by Ginnie Seger
It’s a familiar setting: an office full of eager journalists editing video and reviewing drafts while a busy producer oversees the activities of the day. But what you might not expect is that many of these journalists are living in exile and their editor has been charged with terrorism in their homeland of Ethiopia. Abebe Gellaw, the producer of Ethiopian Satellite Television (ESAT), fled Ethiopia in 1998 to escape a tyrannical news environment. Gellaw continued to work as a journalist, exposing human rights violations and government practices.
“Terrorism is a very elastic term in Ethiopia, because the president wants to label everyone a terrorist. If you try to write something that is critical of the government policies, you are labeled as a terrorist,” Gellaw said.
This is one example of many Ethiopians living in the diaspora. While most of the population’s story is not as extreme, many Ethiopians have left their native land to escape tyrannical rule. According to the Ethiopian Embassy, Washington, D.C. is home to the largest Ethiopian population outside of Africa. They estimate the number is more than 200,000. This has led to the creation of news organizations catering to an Ethiopian audience. The news organization Ethiopian Satellite Television, uses broadcast, print, and online media to report not only what is happening within the diaspora, but also to counter state-owned media in Ethiopia.
“In Ethiopia we are not allowed to practice journalism freely, so we report on issues that are not normally covered by traditional media organizations, because of fear,” Gellaw said. “We give voice to the oppressed.”
Prime Minister Meles Zanawi, who has been in power since 1991, has enacted restrictive measures against freedom of speech and journalists, under an Anti-Terrorism Proclamation. The Committee to Protect Journalists reported that the proclamation gave the government power “to imprison for as long as 20 years whosoever writes, edits, prints, publishes, publicizes, disseminates statements deemed encouraging, supporting, or advancing terrorists acts. It also grants the national security agency exclusive discretion to carry out warrantless interception of communications.” As a result, Ethiopia has the highest number of journalists living in exile in the world. Most journalists flee to escape imprisonment from the government.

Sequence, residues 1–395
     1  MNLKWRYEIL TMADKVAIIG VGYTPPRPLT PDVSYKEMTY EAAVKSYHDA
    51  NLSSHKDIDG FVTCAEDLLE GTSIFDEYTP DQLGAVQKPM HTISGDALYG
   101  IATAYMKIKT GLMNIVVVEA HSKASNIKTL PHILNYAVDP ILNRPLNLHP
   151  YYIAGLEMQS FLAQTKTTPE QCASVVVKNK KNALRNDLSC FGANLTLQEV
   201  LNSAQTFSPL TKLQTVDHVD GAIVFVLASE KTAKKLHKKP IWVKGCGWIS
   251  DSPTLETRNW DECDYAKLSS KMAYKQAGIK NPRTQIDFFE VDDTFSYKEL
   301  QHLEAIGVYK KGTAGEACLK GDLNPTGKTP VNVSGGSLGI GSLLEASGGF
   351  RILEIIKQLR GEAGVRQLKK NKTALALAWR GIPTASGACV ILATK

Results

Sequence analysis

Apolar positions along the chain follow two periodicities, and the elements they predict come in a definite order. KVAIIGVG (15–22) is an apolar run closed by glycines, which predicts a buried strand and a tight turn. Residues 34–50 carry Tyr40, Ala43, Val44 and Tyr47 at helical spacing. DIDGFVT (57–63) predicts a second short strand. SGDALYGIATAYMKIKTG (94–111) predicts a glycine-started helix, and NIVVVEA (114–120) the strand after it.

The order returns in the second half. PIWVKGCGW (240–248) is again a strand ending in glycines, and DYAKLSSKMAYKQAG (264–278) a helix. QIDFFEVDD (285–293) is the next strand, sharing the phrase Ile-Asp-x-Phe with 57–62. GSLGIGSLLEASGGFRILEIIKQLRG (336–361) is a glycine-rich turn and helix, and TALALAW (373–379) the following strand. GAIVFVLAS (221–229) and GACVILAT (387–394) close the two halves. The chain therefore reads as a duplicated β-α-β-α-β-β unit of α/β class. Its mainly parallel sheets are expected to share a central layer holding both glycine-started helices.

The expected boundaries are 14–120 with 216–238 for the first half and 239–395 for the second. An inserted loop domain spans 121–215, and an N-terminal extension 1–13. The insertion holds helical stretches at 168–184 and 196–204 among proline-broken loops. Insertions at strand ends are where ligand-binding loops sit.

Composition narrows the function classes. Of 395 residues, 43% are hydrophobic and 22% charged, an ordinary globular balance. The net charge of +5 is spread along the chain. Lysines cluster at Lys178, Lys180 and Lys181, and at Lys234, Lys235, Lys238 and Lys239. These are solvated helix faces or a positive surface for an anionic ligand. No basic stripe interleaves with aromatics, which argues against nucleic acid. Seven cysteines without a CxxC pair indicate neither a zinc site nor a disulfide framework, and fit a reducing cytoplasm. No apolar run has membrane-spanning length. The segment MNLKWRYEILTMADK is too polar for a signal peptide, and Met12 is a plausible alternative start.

Gellaw was imprisoned for the first time in 1993 after writing an article criticizing the government for firing professors at Addis Ababa University. International rights groups, such as Amnesty International, lobbied for his release, and after two months Gellaw was set free.
“I was released on bail and on the condition that I would stop writing critical articles and stay away from political activities, but I was not that type of person to get intimidated that easily, so I continued with my writing,” Gellaw said.
Eventually Gellaw fled Ethiopia in 1998, but he continues to work as a journalist and collaborates with both exiled journalists and journalists in Ethiopia at Ethiopian Satellite Network.
“We exiled journalists in the U.S. and Europe, came together and said we have to do something. We started our own media organization, which tries to reverse the information gap. Our plan is to make this the Ethiopian Al-Jazeera. We want to be a true media organization for Ethiopia; we want to be voice for the voiceless,” Gellaw said.
The Ethiopian Satellite Network launched in June 2010, and aired in Ethiopia until August, when the Ethiopian government began blocking the network. “Anyone with a satellite dish could receive news and information, that they never heard of before. The government is very scared of our small operation because it has created a big impact, because this government is based on lies,” Gellaw said.
The Ethiopian Satellite Network continues to broadcast in the U.S. and relies on the Ethiopian diaspora community to transmit messages back to Ethiopia.